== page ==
Developing Dynamite Dynamics: Part 1

In music, dynamics refers to degrees of loudness. Although good dynamics are important to successful drumming, they're probably the least practiced of any technique. That's the reason most drummers find it easy to get things cookin' when playing at loud volume levels, but have trouble maintaining the groove when the volume gets soft. If you are in this category, fear not. The ability to cook at various dynamic levels is easy to develop – through proper practice procedures. Here's how to go about it.

The Practice Pad
Although you should ultimately practice your dynamics on an entire drum set, the best place to start is at the practice pad. If you don't already have a pad, you should get one. They come in two basic flavors, tunable and rubber surfaced (see the accompanying sidebar). I use both myself, but prefer the rubber surface for practicing while watching TV. It's quieter.

How Many Dynamic Levels?
There are eight dynamic levels in music that mark the varying degrees of loudness. Here, from soft to loud, are the most commonly used abbreviations along with their corresponding Italian (the international language of music) words:

  1. ppp (triple-piano) – as soft as possible
  2. pp (pianissimo) – very soft
  3. p (piano) – soft
  4. mp (mezzo piano) – medium soft
  5. mf (mezzo forte) – medium loud
  6. f (forte) – loud
  7. ff (fortissimo) – very loud
  8. fff (triple-forte) – as loud as possible

In addition to the eight dynamic levels listed above, there are terms for gradually increasing and decreasing sound levels. These are the crescendo (notated by a < written below the affected notes) and decrescendo or diminuendo (notated by a > written below the affected notes). Crescendo means to increase the sound from softer to louder and decrescendo (or diminuendo) means to decrease the sound level from louder to softer. The beginning and ending dynamic levels will be written on either end of the crescendo or decrescendo mark. For example, on a decrescendo you may be told to start at ff and finish at pp.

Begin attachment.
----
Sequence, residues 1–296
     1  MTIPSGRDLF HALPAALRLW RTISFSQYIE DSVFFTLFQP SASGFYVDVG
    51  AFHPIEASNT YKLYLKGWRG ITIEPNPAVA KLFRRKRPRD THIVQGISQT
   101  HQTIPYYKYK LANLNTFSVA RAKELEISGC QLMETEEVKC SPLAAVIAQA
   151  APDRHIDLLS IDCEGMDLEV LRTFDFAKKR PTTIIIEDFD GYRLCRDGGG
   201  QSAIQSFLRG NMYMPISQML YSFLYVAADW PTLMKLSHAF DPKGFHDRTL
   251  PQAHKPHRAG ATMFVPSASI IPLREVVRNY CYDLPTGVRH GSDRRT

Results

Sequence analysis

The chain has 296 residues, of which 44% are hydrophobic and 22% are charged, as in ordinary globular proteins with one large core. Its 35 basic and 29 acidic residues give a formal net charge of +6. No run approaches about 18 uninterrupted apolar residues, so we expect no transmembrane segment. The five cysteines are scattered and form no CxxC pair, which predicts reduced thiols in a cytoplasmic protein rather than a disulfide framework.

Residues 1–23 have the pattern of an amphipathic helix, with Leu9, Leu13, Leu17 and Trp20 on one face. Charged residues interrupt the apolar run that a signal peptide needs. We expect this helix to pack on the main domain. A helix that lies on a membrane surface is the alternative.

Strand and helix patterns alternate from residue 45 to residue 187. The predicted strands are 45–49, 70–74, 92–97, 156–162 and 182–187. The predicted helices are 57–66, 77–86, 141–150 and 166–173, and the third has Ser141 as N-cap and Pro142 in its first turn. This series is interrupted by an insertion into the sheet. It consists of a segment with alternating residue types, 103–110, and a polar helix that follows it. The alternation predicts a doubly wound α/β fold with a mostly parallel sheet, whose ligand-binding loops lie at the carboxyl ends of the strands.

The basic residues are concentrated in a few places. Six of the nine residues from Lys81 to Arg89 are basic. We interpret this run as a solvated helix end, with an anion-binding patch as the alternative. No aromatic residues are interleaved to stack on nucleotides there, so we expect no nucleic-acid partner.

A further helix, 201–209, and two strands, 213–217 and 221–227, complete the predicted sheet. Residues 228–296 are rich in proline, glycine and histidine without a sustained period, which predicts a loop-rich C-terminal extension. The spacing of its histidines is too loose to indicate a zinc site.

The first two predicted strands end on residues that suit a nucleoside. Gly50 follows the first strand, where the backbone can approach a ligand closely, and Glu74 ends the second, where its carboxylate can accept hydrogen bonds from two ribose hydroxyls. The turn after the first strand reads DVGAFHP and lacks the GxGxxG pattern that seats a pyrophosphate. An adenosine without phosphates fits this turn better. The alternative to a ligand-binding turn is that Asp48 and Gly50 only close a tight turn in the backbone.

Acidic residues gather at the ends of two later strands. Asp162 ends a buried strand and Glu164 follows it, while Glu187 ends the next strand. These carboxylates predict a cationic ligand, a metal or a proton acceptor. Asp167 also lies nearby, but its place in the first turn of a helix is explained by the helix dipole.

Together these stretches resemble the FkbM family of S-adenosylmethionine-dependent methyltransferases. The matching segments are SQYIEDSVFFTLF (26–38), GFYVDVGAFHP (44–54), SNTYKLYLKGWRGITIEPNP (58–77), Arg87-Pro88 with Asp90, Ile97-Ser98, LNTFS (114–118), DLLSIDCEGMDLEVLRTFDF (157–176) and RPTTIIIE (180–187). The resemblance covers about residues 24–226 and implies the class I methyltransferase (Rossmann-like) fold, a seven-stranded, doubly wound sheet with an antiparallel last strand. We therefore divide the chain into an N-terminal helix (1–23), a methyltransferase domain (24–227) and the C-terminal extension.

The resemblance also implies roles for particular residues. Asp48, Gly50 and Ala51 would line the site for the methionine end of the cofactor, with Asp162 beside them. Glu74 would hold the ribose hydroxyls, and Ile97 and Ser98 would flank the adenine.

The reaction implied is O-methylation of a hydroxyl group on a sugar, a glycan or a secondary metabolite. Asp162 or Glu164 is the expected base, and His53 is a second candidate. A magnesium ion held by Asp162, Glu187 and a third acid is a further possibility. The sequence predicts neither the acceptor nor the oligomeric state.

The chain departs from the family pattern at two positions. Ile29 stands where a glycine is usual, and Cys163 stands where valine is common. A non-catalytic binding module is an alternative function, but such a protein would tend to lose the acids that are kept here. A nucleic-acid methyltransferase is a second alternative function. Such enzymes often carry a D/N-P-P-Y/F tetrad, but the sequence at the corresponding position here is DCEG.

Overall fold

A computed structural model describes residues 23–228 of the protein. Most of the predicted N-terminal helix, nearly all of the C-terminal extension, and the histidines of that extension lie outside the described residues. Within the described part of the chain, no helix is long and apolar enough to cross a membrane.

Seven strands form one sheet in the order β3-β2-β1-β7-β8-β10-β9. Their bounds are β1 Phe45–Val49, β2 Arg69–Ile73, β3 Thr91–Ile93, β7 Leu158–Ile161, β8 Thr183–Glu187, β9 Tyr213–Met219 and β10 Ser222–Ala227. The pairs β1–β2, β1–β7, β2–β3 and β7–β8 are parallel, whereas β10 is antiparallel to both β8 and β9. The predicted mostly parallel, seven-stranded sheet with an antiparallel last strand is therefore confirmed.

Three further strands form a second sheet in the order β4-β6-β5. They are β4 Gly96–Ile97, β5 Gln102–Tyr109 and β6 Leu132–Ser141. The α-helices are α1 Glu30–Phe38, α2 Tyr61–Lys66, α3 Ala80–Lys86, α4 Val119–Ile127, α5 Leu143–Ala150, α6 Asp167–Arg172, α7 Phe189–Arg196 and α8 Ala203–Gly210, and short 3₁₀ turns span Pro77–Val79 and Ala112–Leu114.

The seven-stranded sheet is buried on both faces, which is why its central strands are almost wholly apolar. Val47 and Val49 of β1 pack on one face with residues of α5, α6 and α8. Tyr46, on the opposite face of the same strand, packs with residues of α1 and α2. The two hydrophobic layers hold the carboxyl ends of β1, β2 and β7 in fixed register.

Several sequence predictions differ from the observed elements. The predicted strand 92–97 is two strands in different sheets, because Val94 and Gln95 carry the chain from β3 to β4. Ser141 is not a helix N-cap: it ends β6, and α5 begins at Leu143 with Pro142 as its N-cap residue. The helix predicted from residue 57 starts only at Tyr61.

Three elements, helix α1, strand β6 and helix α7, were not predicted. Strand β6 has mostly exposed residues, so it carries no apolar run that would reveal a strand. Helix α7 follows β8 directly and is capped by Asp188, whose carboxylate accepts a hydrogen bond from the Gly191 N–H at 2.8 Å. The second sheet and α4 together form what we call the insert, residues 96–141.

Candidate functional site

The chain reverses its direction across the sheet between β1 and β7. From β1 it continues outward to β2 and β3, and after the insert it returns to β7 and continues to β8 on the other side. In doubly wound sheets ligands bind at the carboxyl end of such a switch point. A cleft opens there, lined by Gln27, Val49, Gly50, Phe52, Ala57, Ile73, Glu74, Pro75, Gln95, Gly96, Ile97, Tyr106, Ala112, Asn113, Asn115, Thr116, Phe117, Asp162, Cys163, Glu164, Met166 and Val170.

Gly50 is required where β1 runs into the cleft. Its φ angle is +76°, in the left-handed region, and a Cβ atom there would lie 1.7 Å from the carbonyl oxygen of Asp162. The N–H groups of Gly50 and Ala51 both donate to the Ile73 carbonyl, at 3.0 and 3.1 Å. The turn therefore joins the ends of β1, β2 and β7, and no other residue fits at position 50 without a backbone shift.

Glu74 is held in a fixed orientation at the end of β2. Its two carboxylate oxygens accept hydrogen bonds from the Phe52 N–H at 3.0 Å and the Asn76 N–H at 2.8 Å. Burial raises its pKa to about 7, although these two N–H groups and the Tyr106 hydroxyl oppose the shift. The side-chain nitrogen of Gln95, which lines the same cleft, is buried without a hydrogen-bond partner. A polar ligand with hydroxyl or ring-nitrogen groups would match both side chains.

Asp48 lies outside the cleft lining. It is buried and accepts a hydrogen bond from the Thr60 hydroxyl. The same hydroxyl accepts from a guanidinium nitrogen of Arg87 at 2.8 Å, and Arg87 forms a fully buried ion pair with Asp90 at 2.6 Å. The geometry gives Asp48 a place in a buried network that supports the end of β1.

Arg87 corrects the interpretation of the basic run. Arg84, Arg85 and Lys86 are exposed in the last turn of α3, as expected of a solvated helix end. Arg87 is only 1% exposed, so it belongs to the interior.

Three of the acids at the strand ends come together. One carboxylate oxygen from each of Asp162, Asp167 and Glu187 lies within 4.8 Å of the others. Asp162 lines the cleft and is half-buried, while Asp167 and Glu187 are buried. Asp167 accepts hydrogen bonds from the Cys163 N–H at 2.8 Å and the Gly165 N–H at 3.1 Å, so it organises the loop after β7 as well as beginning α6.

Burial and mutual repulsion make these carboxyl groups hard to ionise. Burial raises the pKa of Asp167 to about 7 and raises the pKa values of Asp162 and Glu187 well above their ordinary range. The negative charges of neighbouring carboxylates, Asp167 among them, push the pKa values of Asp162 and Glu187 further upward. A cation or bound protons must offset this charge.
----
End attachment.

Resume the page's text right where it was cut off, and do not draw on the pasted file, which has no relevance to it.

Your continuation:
The final two common dynamic markings are the accent (notated by a short > written above the affected note), and the sfz, also written above the affected note. The > accent means to play the note louder than the other surrounding notes. The sfz (sforzando) means to play an accent that is louder than the standard accent >.

These are the basic dynamic levels you will need to become familiar with. Now let's see how we can work these into our daily practice routine.

The Best Way To Practice Dynamics
You can buy drum instruction books that already contain dynamics (see sidebar), but you'll get a much better workout if you add your own dynamic markings. To do this, pick a page from any of your instruction books or drum charts and play it through using each of the eight dynamic levels. Start with ppp and play the entire page, then PP, then p, and so on. Each time you play the page, you increase the dynamic level one notch. At first, you'll be lucky if you make it all the way up to fff. Beginners usually find themselves at maximum loudness by the time they reach f (forte). If this happens to you, go back to the beginning and start over again. But play the ppp softer this time, so you'll have room to increase the volume. Remember, you need to be able to increase the volume over eight distinct levels.

Once you've gotten comfortable playing the entire page using each of the eight dynamic levels from soft to loud, it's time to reverse the above procedure and play your exercise page eight more times. This time, begin with the loudest level (fff) and work your way back down to the softest (ppp).

After you have completed this exercise, grab a pencil and go back to the beginning of your page again. Mark each few bars with one of the eight dynamic levels in order from the softest to the loudest. Once you've marked each of the eight levels on the same page, practice that page again.

Advanced Techniques
The next time through, mark each few bars with dynamic levels from loudest to softest and practice the page again. After you get good at this (and it may take a few lessons before this happens), you can get fancy. Try marking every few bars with one of the dynamics levels but not in any particular order. Skip around between soft and loud and loud and soft, mixing them up at random.

You'll find this technique to be an excellent source of limitless dynamic exercises, which will develop your sensitivity to all eight levels of sound intensity that music requires. As I said earlier, drum set practice is important but so is practicing on the pad. In the beginning, I recommend that you practice these dynamic levels strictly on the pad until you become proficient with them. Later, you can apply them to your drum set practice routines using the technique you just learned. (See Developing Dynamite Dynamics Part 2 in the sidebar for more.)

Good dynamics is one of the essentials that separate the true artist drummer from the average drummer. Be the best drummer that you can be. Learn how to develop dynamite dynamics.

Until next time: Stay loose.

Tiger Bill Meligari



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